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Pierre_Henri

South African Statesmen depicted on our Numismatic Heritage

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Pierre_Henri

 

South African Coin Collectors have become accustomed to seeing the faces (effigies) of our political leaders and statesmen on our coinage since we became a Republic in 1961 

However, before 1961, when we were still a Union (not an independent Republic), the faces of the reigning British monarchs (King George V and VI and Queen Elizabeth II)  were depicted on our coinage. But since 1961, the faces of Verwoerd to Mandela graced our metallic (and sometimes paper) currencies. 

During the period 1910 to 1960, very few of the profiles of our political leaders were shown on any numismatic items (coins and medallions) as far as I could ascertain. 

So I did a little study about this. 

Let’s start with our first Prime Minister, Louis Botha (1862–1919) 

Guess how many contemporary (during his life-time) numismatic items I could find depicting the first Prime Minister of the Union of South Africa and the Commandant-General of its military forces during the First World War Period?   

Two, yes only two, and here they are … 

The first was issued during the Anglo-Boer War and the second during the First World War

Botha_zpsp1m3ol0h.jpg

 

H0035a_zpsxdwnqhds.jpg

How can this be possible?

Maybe someone can add some additional contemporary medallions of Louis Botha?

To be continued …

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Pierre_Henri

When Louis Botha died in 1919 he was succeeded as Prime Minister by Jan Smuts who was ousted by J.B.M. Hertzog in 1924.

Ironically, Hertzog was replaced by his old rival Jan Smuts in 1939. Hertzog as Prime Minister was thus both preceded and succeeded by Jan Smuts.

How many numismatic items are dedicated to JBM Hertzog?

The following two medallions show the bust of Hertzog, but they are not contemporary – the gold medal was issued in 1968 (Hertzog was born in 1868 and died in 1942) and the silver medal in 1977 as part of the Pagliari series of “Generals of the Anglo Boer War”

her2_zpsyyjmpate.jpg

 

her1_zpsmsk5acr1.jpg

 

The following two pin badges are the only items, remotely numismatic, that I could find on Hertzog as contemporary pieces.

 

her3_zpsmj7agxxp.jpg

 

So as was the case with Louis Botha, numismatic Items relating to JBM Hertzog are few and far between – maybe someone can post more examples (if there are any)?

To be continued …

 

Edited by Pierre_Henri

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jwither

I like the portraits of the British monarchs a lot more than those on RSA coinage, all of them.  (I like the Kruger portrait but less than KGV and QE II.)  Some of it is due to the size and metal content but hardly all of it.  Your coinage is better for having the designs it previously did and I believe it would be less popular if pre-RSA political figures had been used instead.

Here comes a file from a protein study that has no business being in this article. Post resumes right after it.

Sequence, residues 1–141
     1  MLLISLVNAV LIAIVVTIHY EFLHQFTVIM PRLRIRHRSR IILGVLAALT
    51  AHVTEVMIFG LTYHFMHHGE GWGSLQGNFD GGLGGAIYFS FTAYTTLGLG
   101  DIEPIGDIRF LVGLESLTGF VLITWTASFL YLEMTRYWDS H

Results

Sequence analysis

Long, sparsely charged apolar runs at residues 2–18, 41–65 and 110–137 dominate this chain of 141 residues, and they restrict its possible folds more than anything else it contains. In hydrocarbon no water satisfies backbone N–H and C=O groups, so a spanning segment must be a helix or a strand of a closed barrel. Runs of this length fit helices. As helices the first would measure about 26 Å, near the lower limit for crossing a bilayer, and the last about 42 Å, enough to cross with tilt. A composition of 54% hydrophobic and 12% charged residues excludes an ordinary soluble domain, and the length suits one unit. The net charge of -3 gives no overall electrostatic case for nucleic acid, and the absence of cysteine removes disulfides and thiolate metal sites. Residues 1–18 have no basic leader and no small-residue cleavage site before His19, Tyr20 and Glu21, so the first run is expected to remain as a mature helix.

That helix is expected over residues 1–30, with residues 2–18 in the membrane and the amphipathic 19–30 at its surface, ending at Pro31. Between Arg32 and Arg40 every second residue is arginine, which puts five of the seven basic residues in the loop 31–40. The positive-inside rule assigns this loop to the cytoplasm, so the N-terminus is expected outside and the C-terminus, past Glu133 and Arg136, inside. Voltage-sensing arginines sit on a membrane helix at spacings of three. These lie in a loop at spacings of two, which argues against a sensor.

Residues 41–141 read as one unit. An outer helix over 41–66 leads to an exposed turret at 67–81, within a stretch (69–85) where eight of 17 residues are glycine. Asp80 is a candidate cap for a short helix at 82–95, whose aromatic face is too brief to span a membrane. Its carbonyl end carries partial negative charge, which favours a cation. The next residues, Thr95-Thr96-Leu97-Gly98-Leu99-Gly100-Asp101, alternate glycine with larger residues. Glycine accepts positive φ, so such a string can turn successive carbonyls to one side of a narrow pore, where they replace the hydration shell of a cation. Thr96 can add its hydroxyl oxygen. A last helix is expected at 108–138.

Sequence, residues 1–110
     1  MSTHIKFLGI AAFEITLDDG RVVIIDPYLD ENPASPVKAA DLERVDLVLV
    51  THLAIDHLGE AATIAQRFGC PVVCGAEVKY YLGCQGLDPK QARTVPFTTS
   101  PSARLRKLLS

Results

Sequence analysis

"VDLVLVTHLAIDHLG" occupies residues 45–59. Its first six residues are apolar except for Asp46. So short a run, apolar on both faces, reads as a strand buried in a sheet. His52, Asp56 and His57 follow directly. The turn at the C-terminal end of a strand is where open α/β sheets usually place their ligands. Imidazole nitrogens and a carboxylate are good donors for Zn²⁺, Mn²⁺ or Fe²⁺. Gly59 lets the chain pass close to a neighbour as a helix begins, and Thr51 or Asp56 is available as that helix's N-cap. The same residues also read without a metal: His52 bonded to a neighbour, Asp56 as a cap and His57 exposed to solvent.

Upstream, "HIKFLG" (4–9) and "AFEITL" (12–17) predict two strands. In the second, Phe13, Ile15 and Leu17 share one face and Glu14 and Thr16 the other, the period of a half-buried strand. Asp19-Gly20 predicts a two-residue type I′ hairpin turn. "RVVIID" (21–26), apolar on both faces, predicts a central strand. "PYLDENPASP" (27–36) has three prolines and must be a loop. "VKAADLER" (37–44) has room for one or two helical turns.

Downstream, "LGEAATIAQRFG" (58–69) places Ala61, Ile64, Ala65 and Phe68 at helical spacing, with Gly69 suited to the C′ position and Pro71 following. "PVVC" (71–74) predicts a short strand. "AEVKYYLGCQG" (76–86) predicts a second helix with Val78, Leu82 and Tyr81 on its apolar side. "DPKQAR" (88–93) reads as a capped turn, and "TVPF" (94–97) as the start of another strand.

In general, I dislike most portraits of living or historical persons on coinage.  Those on US coinage are particularly abysmal.

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Pierre_Henri
5 minutes ago, jwither said:

I like the portraits of the British monarchs a lot more than those on RSA coinage, all of them.  (I like the Kruger portrait but less than KGV and QE II.)  Some of it is due to the size and metal content but hardly all of it.  Your coinage is better for having the designs it previously did and I believe it would be less popular if pre-RSA political figures had been used instead.

In general, I dislike most portraits of living or historical persons on coinage.  Those on US coinage are particularly abysmal.

I agree with you.

The best looking profile on our SA coinage is that of King George V. 

Unfortunately we missed the profile of Edward VII by 13 years - he really looks good on coins and stamps.

George VI looks like a whimp and Elizabeth II  looks like she is from the wrong period (pun intended) so on that one I disagree with you...



 

 

 

 

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jwither
3 hours ago, Pierre_Henri said:

I agree with you.

The best looking profile on our SA coinage is that of King George V. 

Unfortunately we missed the profile of Edward VII by 13 years - he really looks good on coins and stamps.

George VI looks like a whimp and Elizabeth II  looks like she is from the wrong period (pun intended) so on that one I disagree with you...



 

 

 

 

I wonder how widespread your opinion of the QEII "Young Head" portrait is shared.  I consider it one of the best 20th century designs.  I like it enough that I bought the Canada Golden Jubilee dual dated (1953-2003) proof set and I essentially never buy anything outside of my small group of series.

I don't really care for the Edward VII portrait, though I do wish the SA Mint had started issuing coinage prior to 1923.  The KGV portrait on British coinage (bare head) isn't attractive to me either and the one used in New Zealand and Southern Rhodesia far less so also.

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GROOVIE MOVIES

The portrait of KGVI is actually very well designed from a durability perspective. It's devices aren't too high above the rim, meaning it stood up better to wear compared to the portrait of KGV whose crown jewels always wore away. I always felt the QE2 design was beautiful but far too fine, as the features wore away too easily as well. It takes a AU or proof coin to really appreciate the design...